Lisbon used to be an Arab city once. At any rate it was ruled by Arabic speakers. Some time in the tenth century, the Portuguese King supported by Frankish crusaders began their attack on the Arab kingdoms in the region and captured the city from the Arabs after a successful siege of the city in 1147.
Given the importance that Lisbon would assume for Portugal, a number of legends grew around the capture of the city. One of these legends surrounds the figure of Martim Moniz. A Frankish noble, Moniz is said to thrust himself into the gates of the castle as they were being shut by the defending Arabs. As per the legend, Moniz was either jammed by the doors or cut down in the course of his valiant attempt. His attempt however, resulted in the gate eventually being overwhelmed, allowing the Crusaders entry into the castle and eventual victory.
Moniz was immortalized by naming one of the gates of the castle after him and later by the naming of a square, Praça Martim Moniz in the city below. Today the Praça Martim Moniz is an interesting space, giving its name to the neighbourhood around it. Architecturally, it is a huge, horrifically ugly modernist nightmare. The square in its current formation is the result of the Estado Novo’s attempts to modernise the city. In the process of that modernization attempt, large portions of the Mouraria (the old Moorish quarter) had been destroyed. Today we would mourn the destruction of that loss, given that it is the Arabic feel of the old city, its narrow lanes, the buildings clinging tightly, together that draws the tourist sighs, and more importantly their Euros. But perhaps the damage to the Mouraria had already been too far gone, and the only option was to push forward with the modernist experiment. The ugliness of some of the buildings that skirt the Praça must be seen to be believed. These monstrosities could only have come from hell!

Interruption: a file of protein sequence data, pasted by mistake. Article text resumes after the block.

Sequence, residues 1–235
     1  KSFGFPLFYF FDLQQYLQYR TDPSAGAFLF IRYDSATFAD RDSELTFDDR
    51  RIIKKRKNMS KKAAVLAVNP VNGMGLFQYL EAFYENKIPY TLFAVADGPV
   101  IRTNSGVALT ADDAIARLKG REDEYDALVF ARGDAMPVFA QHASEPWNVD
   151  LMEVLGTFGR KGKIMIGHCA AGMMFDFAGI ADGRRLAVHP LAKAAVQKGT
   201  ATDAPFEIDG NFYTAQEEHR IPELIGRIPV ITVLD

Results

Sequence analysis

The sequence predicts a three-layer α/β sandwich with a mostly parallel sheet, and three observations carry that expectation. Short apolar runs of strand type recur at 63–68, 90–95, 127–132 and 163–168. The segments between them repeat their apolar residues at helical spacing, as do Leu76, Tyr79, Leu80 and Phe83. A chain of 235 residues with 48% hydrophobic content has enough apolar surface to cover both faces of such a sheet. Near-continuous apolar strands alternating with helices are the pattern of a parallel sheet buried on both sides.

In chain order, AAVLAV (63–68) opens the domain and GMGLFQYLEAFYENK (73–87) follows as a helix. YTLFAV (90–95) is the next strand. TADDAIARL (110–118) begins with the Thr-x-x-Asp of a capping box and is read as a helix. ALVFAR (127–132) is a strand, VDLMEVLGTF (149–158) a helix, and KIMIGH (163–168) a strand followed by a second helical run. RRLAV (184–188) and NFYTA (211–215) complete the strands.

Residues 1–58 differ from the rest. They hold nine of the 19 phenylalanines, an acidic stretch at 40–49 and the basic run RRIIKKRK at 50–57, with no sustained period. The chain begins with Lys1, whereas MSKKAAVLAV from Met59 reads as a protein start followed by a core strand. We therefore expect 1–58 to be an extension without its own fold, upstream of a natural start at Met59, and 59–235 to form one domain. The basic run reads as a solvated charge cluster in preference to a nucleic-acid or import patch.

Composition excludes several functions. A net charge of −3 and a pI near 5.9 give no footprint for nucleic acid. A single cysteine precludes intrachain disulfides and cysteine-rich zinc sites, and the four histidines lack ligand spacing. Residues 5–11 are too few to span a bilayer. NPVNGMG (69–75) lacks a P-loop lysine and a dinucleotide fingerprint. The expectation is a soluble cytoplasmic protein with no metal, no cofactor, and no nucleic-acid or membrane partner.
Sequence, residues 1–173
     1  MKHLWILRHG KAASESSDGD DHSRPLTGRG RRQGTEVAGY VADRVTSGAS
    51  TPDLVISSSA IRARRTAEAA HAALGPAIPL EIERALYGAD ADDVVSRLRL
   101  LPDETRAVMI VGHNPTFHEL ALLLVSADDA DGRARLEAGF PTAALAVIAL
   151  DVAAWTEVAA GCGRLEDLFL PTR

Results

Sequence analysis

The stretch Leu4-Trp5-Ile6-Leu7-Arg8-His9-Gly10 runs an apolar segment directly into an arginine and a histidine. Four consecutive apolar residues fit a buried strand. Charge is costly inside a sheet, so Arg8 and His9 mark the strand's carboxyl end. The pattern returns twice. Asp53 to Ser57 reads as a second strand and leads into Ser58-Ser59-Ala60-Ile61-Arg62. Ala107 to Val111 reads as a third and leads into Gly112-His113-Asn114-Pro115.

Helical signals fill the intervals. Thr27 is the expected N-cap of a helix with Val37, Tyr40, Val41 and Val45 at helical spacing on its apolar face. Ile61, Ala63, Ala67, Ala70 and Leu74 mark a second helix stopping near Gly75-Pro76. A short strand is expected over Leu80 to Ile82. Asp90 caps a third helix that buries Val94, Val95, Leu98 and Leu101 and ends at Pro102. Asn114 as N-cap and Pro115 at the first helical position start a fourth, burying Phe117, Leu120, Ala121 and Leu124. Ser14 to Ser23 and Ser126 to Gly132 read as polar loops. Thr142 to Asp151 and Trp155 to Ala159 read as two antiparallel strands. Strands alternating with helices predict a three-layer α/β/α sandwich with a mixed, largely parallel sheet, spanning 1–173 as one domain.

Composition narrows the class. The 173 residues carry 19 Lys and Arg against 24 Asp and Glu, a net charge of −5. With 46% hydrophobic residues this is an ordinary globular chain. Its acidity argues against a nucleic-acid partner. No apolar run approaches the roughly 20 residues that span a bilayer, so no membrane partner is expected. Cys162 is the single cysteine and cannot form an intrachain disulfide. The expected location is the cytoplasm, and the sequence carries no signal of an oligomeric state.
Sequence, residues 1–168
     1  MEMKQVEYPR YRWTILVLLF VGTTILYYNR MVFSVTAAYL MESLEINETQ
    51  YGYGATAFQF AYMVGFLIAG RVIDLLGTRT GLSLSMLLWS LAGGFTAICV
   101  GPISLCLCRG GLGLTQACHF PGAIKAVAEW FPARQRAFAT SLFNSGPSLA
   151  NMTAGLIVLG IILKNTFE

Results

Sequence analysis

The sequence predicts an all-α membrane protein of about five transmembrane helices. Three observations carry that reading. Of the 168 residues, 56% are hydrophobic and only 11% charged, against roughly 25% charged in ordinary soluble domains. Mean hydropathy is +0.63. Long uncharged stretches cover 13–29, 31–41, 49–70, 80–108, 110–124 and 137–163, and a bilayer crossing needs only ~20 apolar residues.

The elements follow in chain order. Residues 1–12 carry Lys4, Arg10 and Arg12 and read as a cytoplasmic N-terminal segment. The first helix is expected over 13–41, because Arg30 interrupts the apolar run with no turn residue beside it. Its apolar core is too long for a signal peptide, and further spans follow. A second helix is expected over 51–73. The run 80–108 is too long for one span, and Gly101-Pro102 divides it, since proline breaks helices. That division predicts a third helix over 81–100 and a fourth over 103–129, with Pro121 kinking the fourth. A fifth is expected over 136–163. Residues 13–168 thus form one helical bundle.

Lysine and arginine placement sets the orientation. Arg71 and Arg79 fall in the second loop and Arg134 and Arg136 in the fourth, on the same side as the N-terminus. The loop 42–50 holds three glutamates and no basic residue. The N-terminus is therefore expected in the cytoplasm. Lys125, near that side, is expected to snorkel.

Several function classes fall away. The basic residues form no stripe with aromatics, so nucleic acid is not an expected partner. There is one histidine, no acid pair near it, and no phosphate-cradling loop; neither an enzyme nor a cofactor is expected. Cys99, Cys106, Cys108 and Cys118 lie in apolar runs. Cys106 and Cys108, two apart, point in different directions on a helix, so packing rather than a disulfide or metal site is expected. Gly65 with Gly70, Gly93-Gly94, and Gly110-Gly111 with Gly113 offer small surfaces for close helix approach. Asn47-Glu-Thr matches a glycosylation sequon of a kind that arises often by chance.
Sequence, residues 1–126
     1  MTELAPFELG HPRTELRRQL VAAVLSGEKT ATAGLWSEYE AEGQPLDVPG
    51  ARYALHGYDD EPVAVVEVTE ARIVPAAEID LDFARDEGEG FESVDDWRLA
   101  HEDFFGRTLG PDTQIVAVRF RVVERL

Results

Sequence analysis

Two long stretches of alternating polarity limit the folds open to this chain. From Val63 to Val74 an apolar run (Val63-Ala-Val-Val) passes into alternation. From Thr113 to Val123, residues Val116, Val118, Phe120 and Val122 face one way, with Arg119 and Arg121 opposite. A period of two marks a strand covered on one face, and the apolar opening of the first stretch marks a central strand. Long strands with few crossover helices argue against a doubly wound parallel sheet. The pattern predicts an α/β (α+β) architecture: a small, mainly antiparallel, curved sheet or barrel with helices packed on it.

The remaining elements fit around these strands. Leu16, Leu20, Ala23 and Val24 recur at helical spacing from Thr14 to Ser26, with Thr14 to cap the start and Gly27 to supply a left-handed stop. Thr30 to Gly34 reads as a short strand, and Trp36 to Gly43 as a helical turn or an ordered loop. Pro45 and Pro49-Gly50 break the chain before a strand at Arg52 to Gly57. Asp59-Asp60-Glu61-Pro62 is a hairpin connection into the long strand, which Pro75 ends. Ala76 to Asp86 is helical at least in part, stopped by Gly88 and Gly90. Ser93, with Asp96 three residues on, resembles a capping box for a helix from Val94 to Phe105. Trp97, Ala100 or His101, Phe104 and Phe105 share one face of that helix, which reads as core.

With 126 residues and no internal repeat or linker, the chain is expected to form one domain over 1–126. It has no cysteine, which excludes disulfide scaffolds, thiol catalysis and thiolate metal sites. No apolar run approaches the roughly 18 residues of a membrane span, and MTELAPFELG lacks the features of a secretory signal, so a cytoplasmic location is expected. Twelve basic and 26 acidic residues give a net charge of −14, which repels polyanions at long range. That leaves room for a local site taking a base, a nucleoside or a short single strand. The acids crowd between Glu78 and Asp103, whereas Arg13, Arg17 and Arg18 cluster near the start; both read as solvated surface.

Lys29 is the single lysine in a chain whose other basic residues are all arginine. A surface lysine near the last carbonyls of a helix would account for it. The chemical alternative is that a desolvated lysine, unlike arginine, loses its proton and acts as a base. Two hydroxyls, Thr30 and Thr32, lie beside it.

Almost ironically though, if Martim Moniz jammed the gates of the castle to drive out the Arabs and fashion the city as a decidedly Christian space, his memory seems to be playing the same role all over again. The neighbourhoods around Praça Martim Moniz, today play host to large portions of the lower income migrants to Portugal. These migrants come from the Punjab (both Pakistani and Indian), Bangladesh, Brazil, Angola and Moçambique, and almost amusingly, from the same Muslim North Africa whose people Moniz originally fought against. Around the Praça one finds Chinese stores selling fashion for the thrifty, South-Asian stores that allow you to breathe in the scents of home, and restaurants (both legal and illegal) offering Africa and Chinese food. Descend into the two commercial centres that stand on the square and you could sometimes imagine yourself in an oriental bazaar and encourage the idea that the Arabs never left Al-Isbuna. Some of the more secure Lisboetas celebrate Martim Moniz as their own centre of multiculturalism.
The red and green republican flag of Portugal flutters over the castle Moniz’s sacrifice won. There are times when in the Praça Martim Moniz, playing on the Islamic confession of the migrants, I joke with friends; ‘You see that flag fluttering up there on the hill? Someday, inshallah, that flag will be all green. And ‘we’ shall have returned’.